The Progressive Ensign

insights and analytics to build an economy that works for all

Category: Apprenticeship

Vocational Programs Match Young Workers with Good Jobs

(Editor Note: Insight Bytes focus on key economic issues and solutions for all of us, on Thursdays we spotlight in more depth Solutions to issues we have identified. Fridays we focus on how to build the Common Good. Please right click on images to see them larger in a separate tab.)

Photo: simplyhelp.org

Companies like CVS, Tesla, Electric Boat and others are working with local high schools and community colleges to train young workers with job skills that translate into good paying jobs. Direct connections between big corporations and local high schools are taking off. Volkswagen is helping schools in Tennessee modernize their engineering programs; Tesla is partnering with Nevada schools on an advanced manufacturing curriculum; and fisheries in Louisiana have created courses for students to train for jobs in “sustainability.”

There are 6.6 million job openings at the end of June 2018, many requiring specific skills in manufacturing, support, sales or materials management are the highest level in a decade.

Source: OECD, Federal Reserve Bank of St. Louis, Brookings Institute – 6/28/17

There are 3.6 million high school students enrolled in career education programs that provide immediate skills to fill job openings in career fields where there is high demand.

Of interest are programs that provide good paying jobs in industries with careers with a future growing into more responsibility and management.  Solar training programs sponsored by the federal government in 2009 worked with 400 local community colleges to try and meet the demand to fill 75,000 solar industry jobs by 2020. Over 30,000 students attended sponsored community college programs funded by the Department of Energy.  Funding for the program ended in several years ago however a new program has been implemented called the Solar Training Network. The Solar Training Network supported by a foundation brings together job seekers, trainers and employers in the industry to fill job demands.

In July the GOP Administration announced a $150 million apprenticeship program to help fill 4 million jobs that are in the apprentice sector for candidates without college degrees, women, ex-offenders and workers of color.  We applauded the program in a post then, but noted that a 40 % cut was included previously in the 2019 budget to a similar program in the Department of Labor – so staying power is a concern.

We are excited to see all these job training programs begin to get the visibility and funding to move ahead.  Though from our perspective with millions left out of the economic mainstream and with millions of jobs to be filled a massive jobs set of programs needs to be carefully designed and funded in the billions of dollars to even begin to come close to meeting the need and having an economic impact.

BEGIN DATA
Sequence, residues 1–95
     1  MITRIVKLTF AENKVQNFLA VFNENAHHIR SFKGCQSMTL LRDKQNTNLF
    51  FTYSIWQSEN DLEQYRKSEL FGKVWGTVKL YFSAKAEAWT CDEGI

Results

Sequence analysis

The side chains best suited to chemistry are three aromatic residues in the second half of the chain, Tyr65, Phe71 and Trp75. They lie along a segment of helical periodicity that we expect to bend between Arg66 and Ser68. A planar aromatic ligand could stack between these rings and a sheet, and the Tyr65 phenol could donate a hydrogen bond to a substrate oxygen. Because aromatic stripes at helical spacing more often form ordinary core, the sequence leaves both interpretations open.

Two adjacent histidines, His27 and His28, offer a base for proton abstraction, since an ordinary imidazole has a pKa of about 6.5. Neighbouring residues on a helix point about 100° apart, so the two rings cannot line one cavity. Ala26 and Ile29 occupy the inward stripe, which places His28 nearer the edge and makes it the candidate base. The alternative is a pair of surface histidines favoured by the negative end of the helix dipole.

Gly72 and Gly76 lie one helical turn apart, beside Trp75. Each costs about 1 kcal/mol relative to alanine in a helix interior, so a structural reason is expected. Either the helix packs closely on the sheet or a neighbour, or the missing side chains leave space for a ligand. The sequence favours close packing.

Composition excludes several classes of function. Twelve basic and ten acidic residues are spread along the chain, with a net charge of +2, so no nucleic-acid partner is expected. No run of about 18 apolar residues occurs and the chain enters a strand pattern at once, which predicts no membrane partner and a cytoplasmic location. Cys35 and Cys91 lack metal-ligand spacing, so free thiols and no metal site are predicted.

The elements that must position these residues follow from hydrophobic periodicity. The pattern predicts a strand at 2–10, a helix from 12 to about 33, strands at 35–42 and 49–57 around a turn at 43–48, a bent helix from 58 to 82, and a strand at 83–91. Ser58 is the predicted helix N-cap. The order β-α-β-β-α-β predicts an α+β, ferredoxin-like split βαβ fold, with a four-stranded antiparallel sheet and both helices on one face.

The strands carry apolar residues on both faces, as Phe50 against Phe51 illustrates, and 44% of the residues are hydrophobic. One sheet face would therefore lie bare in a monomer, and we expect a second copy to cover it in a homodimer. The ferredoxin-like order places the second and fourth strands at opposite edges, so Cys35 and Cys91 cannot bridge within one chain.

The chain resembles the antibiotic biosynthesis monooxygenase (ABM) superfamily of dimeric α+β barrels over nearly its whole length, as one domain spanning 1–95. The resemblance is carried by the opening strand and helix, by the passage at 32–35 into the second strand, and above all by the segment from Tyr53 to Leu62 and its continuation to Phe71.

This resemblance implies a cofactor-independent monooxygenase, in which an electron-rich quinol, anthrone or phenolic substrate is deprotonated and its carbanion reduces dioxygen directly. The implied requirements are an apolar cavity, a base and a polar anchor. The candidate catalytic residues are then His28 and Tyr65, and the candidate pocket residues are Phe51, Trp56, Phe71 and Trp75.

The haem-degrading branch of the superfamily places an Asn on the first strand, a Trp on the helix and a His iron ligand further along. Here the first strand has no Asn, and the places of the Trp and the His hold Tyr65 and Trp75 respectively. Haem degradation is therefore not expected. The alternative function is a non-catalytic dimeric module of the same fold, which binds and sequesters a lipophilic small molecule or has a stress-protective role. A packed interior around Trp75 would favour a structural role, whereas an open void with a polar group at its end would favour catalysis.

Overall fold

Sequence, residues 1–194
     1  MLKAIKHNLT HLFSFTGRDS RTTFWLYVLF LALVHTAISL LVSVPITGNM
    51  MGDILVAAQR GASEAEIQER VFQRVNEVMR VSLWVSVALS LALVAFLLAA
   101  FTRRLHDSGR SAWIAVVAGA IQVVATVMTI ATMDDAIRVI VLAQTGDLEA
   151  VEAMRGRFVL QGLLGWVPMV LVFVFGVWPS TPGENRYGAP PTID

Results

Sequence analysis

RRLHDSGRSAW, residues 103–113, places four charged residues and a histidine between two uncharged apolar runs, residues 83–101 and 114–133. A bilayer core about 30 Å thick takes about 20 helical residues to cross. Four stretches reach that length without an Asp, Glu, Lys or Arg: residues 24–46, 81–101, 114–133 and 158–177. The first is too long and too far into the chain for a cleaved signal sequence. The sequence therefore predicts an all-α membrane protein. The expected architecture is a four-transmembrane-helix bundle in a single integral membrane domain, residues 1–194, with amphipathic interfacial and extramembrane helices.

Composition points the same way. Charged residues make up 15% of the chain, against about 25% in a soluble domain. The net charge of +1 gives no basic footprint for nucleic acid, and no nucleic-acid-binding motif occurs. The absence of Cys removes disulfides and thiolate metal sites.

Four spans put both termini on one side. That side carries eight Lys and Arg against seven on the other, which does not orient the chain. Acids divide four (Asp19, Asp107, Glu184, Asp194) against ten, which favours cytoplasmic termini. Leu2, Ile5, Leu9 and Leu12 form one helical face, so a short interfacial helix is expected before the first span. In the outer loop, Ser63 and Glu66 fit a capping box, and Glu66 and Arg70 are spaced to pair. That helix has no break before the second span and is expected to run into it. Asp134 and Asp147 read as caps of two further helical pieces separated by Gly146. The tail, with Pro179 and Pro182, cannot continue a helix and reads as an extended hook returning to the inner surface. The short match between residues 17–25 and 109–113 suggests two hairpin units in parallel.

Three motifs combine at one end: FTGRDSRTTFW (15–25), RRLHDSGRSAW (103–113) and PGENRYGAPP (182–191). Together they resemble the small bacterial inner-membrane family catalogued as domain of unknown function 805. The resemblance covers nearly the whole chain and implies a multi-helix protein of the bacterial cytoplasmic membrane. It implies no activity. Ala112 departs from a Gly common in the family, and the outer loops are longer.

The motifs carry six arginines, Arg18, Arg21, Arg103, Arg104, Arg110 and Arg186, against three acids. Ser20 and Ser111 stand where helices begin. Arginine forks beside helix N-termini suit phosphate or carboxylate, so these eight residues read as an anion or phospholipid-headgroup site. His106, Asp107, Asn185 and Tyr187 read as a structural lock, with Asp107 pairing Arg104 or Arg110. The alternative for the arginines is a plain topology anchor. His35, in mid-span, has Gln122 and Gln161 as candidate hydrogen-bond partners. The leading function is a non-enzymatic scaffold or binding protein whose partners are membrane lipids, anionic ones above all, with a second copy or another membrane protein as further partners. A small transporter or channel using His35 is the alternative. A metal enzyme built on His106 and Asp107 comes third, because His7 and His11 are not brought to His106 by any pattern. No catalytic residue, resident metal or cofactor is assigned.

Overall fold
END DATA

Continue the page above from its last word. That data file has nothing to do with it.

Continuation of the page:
Apprenticeship Program A Good Step Forward

 

Photo: siemens.com

The Administration has announced a new job training and apprenticeship program focused on many hard to fill positions in manufacturing. The President signed an order to create a Council for the American Worker instructing the secretaries of commerce and labor to coordinate existing federal programs and focus on new apprenticeship programs for job seekers without college degrees and older workers.  Labor Secretary, R. Alexander Acosta noted prior to the announcement that in June 2017 the administration had allocated $150 million in funding to strengthen apprenticeship programs.

Officials from various job development interested groups including unions, corporations,  and trade association officials signed a ‘Pledge to America’s Workers’ committing to the creation of more career opportunities.  Many of the leaders had made previous commitments, though Fed Express announced a new pledge of 512,000 workforce development slots with tuition assistance provided.

While, ‘dual careers’ have been a staple part of German and European education programs in the U.S. the ‘college for all’ mantra has taken its effect discouraging apprentice program candidates. However, many European firms like Zurich Insurance have applied their experience with apprenticeship programs to their U.S. subsidiaries to fill positions and have shared their experience with U.S. based firms like Accenture and Walgreens. Apprenticeships are 4.0% of the workforce in Germany while in the U.S. the total is about 500,000 in skilled trades like plumbing, electrical or metal work, just a small fraction of the U.S. workforce.

Source: The Labor Department, The Wall Street Journal – 2016

American employers are struggling with filling many positions in manufacturing that require special skills but not at the level of a college degree. We expect that as more co-automation jobs are created apprenticeship programs will become the norm to accelerate the number of qualified workers and retrain those workers who lost jobs from automation.

We are pleased to see the GOP Administration move ahead with executing on its pledge to increase the number of apprenticeship training programs and enlist all interested stakeholders in the process. However, this Administration has also announced budget cuts of 40 % to a Department of Labor Workforce Innovation and Opportunity Act, so making the program work and develop momentum seems challenging given the mixed signals.  We see apprenticeship programs as crucial to expending jobs opportunities for the working class when they are combined with good salaries, benefits and continued training. Education is a bedrock institution to build a thriving society  for all not just the wealthy.

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